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Crims pressure banks

MONEY laundering is a growing problem in Australia and, indeed, worldwide.

New technology and new methods have allowed criminals to find new ways to legitimise cash raised through illicit means.

The Financial Action Task Force’s latest report on money laundering has flagged the Internet and online gambling as major ways of laundering cash.

In 1996, the FATF estimated money laundering was worth between US$590 billion – roughly equivalent to Spain’s economic output – and US$1.5 trillion.

A report by John Walker Consulting Services for the Australian Transaction Reports and Analysis Centre in 1995 estimated money laundering in Australia to be worth between $1 billion and $4.5 billion.

Orna Security Asia Pacific operative John Westall said money laundering was a huge business that was becoming more sophisticated.

“There are unscrupulous, and in some cases unwitting, lawyers, accountants and security dealers out there who help criminals set up intricate money-laundering schemes,” Mr Westall said.

The FATF has flagged professionals acting for criminals as a concern, although its report admits in many cases these people are acting unwittingly.

Their utility varies from setting up corporate vehicles or other complex legal arrangements, to buying or selling property to gaining introductions to financial institutions.

Mr Westall said the whole onus of money laundering was on the banks.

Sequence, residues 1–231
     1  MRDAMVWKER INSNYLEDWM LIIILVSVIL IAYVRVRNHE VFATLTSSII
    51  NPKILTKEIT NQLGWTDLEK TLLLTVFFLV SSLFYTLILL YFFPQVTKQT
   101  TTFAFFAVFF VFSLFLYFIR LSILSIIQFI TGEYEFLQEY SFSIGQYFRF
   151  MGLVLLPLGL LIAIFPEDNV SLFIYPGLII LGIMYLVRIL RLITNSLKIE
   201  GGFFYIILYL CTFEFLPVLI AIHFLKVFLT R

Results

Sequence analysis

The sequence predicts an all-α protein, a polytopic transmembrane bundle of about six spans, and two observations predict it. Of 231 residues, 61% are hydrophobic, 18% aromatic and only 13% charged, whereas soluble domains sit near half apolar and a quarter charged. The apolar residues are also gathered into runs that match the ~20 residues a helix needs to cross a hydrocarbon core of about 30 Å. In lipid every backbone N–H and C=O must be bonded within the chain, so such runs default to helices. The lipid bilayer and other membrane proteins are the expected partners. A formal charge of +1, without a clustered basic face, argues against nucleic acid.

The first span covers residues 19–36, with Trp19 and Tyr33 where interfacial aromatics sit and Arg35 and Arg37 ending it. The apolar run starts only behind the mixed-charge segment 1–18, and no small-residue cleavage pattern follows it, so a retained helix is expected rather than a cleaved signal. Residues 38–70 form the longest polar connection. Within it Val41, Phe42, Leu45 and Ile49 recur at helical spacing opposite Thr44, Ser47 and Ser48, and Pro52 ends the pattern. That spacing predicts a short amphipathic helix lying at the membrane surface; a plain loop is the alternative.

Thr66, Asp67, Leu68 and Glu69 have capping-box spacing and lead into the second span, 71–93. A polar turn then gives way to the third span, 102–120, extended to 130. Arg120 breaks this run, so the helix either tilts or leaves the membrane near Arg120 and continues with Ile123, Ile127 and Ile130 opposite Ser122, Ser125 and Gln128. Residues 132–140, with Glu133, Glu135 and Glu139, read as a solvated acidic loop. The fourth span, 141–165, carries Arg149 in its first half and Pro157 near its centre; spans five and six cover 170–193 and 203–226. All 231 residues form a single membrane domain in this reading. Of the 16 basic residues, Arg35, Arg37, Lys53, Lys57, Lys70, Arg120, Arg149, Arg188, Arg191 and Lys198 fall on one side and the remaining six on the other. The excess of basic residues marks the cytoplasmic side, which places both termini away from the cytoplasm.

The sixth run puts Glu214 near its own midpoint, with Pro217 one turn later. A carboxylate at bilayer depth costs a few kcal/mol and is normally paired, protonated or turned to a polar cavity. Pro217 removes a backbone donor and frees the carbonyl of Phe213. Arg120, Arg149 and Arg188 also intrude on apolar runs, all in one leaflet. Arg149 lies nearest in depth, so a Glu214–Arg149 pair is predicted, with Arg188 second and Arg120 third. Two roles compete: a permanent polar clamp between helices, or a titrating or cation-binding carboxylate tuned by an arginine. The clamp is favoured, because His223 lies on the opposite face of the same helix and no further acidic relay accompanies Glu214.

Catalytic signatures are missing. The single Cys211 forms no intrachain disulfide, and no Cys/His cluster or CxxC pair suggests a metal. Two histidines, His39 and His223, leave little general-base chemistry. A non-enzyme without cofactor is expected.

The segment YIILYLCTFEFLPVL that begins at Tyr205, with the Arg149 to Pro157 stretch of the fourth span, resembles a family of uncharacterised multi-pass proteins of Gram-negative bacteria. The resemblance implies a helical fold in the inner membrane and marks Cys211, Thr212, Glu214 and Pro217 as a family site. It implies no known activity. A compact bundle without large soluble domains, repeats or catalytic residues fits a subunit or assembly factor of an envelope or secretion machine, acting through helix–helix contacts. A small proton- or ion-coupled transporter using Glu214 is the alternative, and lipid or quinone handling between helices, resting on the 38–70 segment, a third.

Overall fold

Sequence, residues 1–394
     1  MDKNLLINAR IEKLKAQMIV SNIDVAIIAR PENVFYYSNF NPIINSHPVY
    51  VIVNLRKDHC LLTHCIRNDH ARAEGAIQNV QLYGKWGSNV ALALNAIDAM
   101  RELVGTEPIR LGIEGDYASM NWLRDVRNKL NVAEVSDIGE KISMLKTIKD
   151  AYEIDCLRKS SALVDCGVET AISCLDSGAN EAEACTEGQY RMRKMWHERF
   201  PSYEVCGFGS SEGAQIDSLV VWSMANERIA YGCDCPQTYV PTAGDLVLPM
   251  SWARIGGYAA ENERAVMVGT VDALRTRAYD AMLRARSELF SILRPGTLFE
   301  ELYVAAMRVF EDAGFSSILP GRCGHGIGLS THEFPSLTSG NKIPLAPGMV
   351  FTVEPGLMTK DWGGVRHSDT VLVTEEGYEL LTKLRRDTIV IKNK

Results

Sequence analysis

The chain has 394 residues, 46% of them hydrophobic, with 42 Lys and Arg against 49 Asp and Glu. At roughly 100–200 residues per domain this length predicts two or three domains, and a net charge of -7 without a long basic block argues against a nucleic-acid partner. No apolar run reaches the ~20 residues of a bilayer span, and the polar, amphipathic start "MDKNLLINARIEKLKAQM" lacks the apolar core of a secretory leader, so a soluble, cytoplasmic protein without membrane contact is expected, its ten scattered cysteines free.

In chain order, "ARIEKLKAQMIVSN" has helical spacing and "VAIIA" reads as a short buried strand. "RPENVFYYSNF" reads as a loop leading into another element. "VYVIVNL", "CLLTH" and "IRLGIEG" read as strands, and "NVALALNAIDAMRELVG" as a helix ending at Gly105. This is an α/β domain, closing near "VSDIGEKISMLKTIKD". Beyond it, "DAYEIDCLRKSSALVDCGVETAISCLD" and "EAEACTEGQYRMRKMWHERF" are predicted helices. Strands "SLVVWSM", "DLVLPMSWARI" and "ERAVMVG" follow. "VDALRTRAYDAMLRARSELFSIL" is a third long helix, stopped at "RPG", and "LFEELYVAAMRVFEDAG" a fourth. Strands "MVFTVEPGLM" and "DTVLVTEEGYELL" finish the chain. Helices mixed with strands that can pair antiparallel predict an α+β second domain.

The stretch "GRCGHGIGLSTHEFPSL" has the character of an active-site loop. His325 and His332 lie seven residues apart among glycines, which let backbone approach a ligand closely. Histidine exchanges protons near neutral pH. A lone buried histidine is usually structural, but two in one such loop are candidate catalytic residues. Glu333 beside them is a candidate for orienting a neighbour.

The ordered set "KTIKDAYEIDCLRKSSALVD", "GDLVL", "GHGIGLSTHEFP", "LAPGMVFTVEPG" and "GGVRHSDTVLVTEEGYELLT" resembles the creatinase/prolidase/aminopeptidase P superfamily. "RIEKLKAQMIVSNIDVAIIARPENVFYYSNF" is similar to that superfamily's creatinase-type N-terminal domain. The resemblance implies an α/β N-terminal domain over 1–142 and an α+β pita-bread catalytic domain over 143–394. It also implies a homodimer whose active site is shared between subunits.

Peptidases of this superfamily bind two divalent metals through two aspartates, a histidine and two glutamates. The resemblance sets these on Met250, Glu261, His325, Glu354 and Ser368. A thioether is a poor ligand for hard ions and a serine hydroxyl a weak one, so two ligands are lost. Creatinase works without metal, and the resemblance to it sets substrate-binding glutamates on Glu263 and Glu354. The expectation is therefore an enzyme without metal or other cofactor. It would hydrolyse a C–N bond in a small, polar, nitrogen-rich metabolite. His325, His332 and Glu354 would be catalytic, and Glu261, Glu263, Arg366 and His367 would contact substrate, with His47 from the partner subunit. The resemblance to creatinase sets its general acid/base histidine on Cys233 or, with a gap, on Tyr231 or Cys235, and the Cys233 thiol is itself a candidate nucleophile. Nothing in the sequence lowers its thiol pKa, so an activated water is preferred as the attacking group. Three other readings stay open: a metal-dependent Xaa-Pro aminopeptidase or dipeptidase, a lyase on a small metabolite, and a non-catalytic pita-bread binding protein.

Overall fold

However, Australian Bankers Association director Ian Woods said Australia probably had the most stringent anti-money laundering regime in the world.

Banks are required to report any transactions worth more than $10,000 to AUSTRAC.

They are also required to report any “suspicious” transactions.

Mr Woods said suspicious transactions were usually flagged when the transaction pattern of a person’s account changed dramatically.

“We can also pick up people that are trying to slip under the $10,000 reporting requirements too,” he said.

Information received by AUSTRAC is made available to many government agencies such as the Australian Tax Office and various law enforcement agencies.

Mr Woods said one problem facing bankers was the relative ease with which people could obtain false identification documents.

“In the old days you needed a fairly sophisticated printing set up. These days a $3,500 investment in computer and desk-top publishing equipment can result in passable documents,” he said.

“The ABA has been pushing for a National Electronic Gateway for validation purposes.”

That would allow a bank to check the person’s details on, for example, a birth certificate back to the registry office where it was lodged.

KPMG forensic accounting division head Michael Cashman said Australia had adopted all of the counter-laundering measures suggested by the FAFT.

“Despite this, the scope for money laundering is always there. There are many ways you can do it,” he said.

“It’s like the tax laws. Someone finds a loophole and exploits it. The authorities get onto it and the loophole is closed. Then the launderers look for another loophole.”

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